by Morgan Conklin-
Known for foods with clean ingredients and high farm standards, Chipotle suffered a devastating blow when an E. coli outbreak sickened over 60 people throughout the end of 2015. A strain of the Norovirus also sickened over 100 people in December.
“My boyfriend is from Slovenia and his brother got sick a few days after arriving in the States. They ate Chipotle as a welcome dinner and it did cross my mind that he was sick from E.coli,” Ashley Meier, a senior Virginia Tech student said.
According to the FDA, beginning in October of 2015, 55 people were sickened from the STEC O26, which is a toxin that produces E. coli. Twenty-one people were hospitalized in the wake of the outbreak. In November 2015, Chipotle closed 43 restaurants in Washington and Oregon to address the issue. In December, five people were sickened with a different strain of STEC O26 and one was hospitalized.
Chipotle stock plummeted, dropping 14.7 percent in the last quarter of 2015, according to money.cnn.com
On February 1, 2016, the CDC declared that Chipotle’s E. coli outbreak was over, one week before their company wide food safety meeting, which forced stores to close for a few hours.
The meeting was live-streamed through Periscope and live-tweeted.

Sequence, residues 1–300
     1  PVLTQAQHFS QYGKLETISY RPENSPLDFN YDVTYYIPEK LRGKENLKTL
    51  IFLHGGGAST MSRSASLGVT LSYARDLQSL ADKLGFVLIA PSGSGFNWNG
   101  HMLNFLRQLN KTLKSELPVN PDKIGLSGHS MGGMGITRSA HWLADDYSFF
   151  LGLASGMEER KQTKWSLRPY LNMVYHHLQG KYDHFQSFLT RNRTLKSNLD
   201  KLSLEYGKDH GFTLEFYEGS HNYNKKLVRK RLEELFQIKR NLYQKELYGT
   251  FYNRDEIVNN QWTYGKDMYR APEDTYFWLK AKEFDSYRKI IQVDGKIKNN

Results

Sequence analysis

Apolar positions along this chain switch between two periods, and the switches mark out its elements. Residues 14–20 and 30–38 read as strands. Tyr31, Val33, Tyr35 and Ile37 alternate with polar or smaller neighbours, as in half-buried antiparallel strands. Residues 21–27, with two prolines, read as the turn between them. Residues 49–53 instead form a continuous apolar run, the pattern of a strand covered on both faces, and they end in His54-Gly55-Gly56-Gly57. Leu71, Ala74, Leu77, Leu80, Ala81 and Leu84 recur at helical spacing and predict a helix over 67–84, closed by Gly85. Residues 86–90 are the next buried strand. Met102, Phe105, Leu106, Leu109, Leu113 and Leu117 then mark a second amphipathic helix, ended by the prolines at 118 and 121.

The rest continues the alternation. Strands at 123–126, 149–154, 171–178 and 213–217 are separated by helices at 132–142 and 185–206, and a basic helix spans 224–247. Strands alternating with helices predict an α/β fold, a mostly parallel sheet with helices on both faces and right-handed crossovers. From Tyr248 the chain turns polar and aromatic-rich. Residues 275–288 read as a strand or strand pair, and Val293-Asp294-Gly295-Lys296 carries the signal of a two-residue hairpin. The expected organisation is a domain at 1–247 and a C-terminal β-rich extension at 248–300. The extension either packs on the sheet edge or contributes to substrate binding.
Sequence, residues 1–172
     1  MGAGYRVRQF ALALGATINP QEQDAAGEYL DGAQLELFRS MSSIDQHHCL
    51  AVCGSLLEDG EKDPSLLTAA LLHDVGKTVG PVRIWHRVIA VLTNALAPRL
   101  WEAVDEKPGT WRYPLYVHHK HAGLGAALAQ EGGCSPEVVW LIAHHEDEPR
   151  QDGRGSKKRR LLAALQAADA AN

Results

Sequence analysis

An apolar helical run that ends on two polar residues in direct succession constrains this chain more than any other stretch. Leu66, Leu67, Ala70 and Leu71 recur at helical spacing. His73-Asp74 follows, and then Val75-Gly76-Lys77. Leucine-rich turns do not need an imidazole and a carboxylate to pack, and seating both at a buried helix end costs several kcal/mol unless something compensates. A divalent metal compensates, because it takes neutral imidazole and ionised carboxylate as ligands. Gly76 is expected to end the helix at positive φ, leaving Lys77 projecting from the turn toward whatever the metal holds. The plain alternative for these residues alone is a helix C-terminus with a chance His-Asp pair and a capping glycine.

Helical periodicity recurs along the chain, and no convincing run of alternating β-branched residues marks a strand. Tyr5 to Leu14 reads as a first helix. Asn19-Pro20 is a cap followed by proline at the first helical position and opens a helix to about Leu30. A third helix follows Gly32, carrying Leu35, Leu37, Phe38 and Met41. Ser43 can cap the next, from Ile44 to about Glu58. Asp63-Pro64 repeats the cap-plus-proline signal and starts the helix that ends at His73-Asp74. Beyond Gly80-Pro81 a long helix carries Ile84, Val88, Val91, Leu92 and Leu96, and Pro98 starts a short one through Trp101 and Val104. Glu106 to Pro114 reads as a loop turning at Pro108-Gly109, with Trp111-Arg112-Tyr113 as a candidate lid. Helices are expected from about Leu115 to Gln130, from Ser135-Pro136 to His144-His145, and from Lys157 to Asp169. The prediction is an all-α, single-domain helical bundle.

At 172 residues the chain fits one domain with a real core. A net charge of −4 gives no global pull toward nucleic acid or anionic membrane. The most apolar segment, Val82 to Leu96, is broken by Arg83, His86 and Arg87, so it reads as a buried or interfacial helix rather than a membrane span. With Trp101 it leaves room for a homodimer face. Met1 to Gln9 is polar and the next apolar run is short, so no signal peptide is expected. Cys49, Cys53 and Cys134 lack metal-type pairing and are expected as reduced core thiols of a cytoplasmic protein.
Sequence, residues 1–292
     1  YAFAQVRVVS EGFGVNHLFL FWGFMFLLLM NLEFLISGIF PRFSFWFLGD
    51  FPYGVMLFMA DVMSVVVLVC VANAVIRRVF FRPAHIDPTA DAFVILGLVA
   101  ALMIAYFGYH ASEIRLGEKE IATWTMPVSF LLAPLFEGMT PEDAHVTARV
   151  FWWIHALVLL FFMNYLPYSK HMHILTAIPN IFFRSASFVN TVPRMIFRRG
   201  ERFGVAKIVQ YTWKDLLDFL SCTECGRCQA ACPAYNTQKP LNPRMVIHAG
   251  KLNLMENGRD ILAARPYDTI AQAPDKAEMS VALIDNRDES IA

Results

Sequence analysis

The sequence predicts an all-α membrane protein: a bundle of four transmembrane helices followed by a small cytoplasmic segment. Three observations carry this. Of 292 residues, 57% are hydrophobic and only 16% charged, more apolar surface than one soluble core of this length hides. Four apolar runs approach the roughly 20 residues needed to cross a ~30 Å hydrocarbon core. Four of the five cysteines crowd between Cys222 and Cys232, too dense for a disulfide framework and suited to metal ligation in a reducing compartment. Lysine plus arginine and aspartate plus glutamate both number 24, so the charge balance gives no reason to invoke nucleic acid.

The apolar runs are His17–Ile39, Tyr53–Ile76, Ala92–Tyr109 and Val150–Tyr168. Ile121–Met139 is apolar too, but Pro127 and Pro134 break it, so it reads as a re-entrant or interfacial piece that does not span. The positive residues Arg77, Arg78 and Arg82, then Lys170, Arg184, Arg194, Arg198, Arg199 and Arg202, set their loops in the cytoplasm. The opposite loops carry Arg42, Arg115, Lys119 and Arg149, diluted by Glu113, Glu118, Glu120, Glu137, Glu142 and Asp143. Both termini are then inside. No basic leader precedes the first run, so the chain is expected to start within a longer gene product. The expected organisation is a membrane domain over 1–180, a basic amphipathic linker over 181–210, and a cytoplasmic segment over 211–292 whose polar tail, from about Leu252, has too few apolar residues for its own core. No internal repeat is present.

Customers were also able to sign up for a coupon to receive a free burrito since the stores were closed during normal operating hours. The promotion was only available through text or a limited time.
“I heard about the promotion and told my roommates to do it,” Courtney Stutts, a Virginia Tech senior said. “We all did it, but I didn’t receive my coupon for some reason.”
Chipotle on Main Street in Blacksburg has been booming since the promotion was put in place. On Saturday evening, the line snaked to the back of the restaurant by the rear door.
“My roommate went this past weekend and used her free meal and I still ended up going and just paying for my meal, so I guess marketing wise they’re doing something right,” Stutts said.
Nationally, Chipotle dealt with the repercussions of the outbreak, but locally students stayed loyal.
A survey of Virginia Tech students addressed their thoughts of the chain before and after the E.coli issue. Of the 70 responses, only 27% of students stopped eating Chipotle in the wake of the outbreak and 86% of students said they will go back to Chipotle.
“I think when something like that happens everyone becomes frightened and begins to question sanitation and food safety,” Meier said. “I think it can happen anywhere and I still love going to Chipotle.”